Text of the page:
Climate Change: No Going Back?

New NOAA study concludes global warming is 'largely irreversible'
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New NOAA study concludes global warming is 'largely irreversible'

In barely a week of work, President Obama's made it clear he's dead serious about doing something to combat climate change—unfortunately, it might not change anything for a long, long time. A new study by the National Oceanic and Atmospheric Administration and commissioned by the Department of Energy shows that carbon emissions will probably stay trapped in climate systems for thousands of years. Even if we cut emissions now, a warming world is likely irreversible.

“Our study convinced us that current choices regarding carbon dioxide emissions will have legacies that will irreversibly change the planet,” said (lead researcher Susan) Solomon. "People have imagined that if we stopped emitting carbon dioxide the climate would go back to normal in 100 years, 200 year—that's not true."

Oceans have helped absorb some of the excess heat caused by global warming, but they're likely to release that back into the atmosphere eventually. Rising temperatures will likely decrease rain output in parts of dry areas of southern Europe, North America, Africa, and Australia, which could lead to decreasing human water supplies, increased fire frequency, ecosystem change and expanded deserts.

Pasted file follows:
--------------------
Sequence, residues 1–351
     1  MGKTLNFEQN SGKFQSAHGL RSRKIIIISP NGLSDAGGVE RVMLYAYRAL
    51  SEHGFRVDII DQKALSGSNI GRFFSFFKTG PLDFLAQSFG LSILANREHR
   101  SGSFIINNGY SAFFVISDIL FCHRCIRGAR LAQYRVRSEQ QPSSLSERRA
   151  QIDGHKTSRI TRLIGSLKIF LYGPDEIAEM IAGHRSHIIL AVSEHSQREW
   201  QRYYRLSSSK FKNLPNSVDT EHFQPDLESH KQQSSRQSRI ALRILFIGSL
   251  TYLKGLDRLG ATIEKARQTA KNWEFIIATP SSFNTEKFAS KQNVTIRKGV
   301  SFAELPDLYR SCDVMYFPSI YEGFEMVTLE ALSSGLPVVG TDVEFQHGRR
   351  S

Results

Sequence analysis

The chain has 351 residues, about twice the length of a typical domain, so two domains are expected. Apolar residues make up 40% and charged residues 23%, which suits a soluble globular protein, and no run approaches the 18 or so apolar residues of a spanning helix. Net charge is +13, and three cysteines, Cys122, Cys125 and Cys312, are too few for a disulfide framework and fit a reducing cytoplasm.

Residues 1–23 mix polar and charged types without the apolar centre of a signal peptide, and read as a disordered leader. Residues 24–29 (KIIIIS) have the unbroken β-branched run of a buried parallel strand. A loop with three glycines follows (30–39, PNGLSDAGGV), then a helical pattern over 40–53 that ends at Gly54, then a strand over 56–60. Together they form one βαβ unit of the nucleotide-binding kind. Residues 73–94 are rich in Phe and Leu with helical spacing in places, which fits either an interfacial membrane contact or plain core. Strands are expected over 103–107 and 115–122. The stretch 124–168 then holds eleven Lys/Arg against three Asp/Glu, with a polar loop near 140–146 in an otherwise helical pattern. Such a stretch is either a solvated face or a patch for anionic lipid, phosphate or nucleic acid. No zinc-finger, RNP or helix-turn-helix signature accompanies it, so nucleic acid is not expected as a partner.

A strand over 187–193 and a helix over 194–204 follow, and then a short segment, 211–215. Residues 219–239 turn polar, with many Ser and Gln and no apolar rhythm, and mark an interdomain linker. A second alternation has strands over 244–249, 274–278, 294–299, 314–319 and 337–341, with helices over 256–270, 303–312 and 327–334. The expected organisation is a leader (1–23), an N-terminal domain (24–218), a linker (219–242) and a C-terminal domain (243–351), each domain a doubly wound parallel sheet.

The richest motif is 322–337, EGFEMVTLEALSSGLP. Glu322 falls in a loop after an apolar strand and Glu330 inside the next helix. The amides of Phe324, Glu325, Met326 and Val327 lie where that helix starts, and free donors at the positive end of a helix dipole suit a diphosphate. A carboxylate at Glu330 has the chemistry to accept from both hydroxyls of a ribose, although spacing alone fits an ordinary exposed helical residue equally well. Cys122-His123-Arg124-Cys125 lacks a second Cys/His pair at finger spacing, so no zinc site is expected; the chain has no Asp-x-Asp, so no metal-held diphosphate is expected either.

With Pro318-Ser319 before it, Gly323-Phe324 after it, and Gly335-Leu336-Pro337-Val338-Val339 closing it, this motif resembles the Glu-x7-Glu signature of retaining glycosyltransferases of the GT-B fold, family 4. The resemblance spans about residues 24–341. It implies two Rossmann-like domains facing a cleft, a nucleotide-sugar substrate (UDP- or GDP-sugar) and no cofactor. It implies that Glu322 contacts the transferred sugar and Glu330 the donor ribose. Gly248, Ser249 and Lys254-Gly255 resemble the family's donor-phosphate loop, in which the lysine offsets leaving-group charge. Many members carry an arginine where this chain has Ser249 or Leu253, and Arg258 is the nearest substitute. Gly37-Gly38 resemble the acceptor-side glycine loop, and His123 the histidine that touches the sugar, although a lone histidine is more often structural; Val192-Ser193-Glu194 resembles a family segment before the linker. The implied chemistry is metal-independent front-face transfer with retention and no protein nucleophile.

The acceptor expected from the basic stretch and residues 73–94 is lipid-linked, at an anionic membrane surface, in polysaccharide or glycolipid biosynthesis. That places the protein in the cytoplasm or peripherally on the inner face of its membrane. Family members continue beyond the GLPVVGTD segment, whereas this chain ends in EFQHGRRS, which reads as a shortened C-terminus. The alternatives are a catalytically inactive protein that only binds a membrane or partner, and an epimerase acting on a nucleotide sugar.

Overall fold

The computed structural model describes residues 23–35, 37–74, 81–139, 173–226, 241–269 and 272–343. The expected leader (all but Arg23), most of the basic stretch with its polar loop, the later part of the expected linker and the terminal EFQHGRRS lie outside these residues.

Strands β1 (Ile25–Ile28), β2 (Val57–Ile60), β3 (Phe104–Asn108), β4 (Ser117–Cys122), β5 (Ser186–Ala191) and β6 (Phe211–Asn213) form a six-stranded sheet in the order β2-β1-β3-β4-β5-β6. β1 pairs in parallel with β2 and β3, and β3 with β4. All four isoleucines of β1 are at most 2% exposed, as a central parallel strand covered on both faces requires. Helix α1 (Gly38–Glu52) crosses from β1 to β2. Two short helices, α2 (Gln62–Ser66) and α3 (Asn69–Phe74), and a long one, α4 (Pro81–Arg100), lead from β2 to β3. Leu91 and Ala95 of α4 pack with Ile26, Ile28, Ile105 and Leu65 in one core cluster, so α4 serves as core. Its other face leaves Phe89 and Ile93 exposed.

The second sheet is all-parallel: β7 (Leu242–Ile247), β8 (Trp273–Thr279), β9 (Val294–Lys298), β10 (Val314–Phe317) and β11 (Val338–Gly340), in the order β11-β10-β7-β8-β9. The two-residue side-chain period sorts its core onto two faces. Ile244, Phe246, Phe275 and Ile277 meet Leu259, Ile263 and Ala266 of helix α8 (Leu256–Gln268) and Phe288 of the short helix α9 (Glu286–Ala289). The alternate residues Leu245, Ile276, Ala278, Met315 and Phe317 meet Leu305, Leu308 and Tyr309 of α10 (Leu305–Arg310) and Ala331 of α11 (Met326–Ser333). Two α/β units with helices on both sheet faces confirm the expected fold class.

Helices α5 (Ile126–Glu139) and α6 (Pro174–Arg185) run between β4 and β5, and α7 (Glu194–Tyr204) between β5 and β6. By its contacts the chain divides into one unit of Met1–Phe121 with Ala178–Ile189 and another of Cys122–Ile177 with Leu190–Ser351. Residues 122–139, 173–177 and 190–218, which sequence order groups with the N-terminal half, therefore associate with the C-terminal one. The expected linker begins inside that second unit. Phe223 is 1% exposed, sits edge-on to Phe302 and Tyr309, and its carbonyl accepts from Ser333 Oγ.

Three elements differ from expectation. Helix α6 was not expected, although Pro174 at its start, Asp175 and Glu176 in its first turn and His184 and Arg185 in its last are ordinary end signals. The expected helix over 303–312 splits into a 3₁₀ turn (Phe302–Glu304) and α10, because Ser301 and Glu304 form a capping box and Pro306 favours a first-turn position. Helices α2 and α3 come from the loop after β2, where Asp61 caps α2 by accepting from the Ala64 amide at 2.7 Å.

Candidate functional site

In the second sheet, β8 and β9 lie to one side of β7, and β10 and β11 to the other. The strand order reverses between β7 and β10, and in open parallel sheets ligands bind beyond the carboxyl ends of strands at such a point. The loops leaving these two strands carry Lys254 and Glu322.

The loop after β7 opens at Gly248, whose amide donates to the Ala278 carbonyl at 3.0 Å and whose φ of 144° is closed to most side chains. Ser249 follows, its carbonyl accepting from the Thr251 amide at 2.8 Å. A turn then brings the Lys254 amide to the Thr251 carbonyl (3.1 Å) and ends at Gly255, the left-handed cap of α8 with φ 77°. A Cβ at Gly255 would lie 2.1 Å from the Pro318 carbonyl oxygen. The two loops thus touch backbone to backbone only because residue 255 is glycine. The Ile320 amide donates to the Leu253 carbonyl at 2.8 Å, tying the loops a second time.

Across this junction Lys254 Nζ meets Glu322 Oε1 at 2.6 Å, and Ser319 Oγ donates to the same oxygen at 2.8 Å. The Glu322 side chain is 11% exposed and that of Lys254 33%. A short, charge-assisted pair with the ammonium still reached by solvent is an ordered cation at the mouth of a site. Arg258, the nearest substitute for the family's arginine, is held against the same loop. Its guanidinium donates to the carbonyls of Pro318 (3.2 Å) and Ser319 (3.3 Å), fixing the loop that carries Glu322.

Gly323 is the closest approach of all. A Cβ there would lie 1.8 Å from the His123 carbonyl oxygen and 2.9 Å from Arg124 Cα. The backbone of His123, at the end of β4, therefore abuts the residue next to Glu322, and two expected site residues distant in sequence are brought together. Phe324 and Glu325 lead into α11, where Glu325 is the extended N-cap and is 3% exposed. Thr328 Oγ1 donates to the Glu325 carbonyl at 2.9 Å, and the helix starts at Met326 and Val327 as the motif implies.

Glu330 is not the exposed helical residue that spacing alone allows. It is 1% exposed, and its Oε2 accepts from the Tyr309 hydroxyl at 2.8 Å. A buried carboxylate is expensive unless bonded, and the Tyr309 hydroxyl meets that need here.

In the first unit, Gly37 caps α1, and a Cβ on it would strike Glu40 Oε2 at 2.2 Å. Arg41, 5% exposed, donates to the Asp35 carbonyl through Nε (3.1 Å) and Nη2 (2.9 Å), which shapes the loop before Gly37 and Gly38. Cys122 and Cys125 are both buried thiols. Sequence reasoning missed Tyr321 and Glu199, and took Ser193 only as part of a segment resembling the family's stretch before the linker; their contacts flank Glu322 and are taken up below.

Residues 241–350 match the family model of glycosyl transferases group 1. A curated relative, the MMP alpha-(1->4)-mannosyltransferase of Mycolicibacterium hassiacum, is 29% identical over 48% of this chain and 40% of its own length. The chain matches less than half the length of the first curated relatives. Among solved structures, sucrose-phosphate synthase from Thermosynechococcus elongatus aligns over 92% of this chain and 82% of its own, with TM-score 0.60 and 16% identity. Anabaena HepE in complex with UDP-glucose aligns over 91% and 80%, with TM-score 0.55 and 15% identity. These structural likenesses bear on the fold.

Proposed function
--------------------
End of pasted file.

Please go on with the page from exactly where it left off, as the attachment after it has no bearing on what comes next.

That doesn't mean we should tear out our hair, buy a lot of sunblock, and chuck Obama's climate-change initiatives out the window: Limiting carbon output can help keep the carbon problem from getting worse.

So keep changing lightbulbs, riding your bike to work, and going green—if only for the sake of your great, great, great, great, great, great, great, great, great, great, great grandchildren.

(To learn more about how you can de-carbon your life, check out BACKPACKER's Green Scene blog.)

—Ted Alvarez


New Study Shows Climate Change Largely Irreversible (NOAA)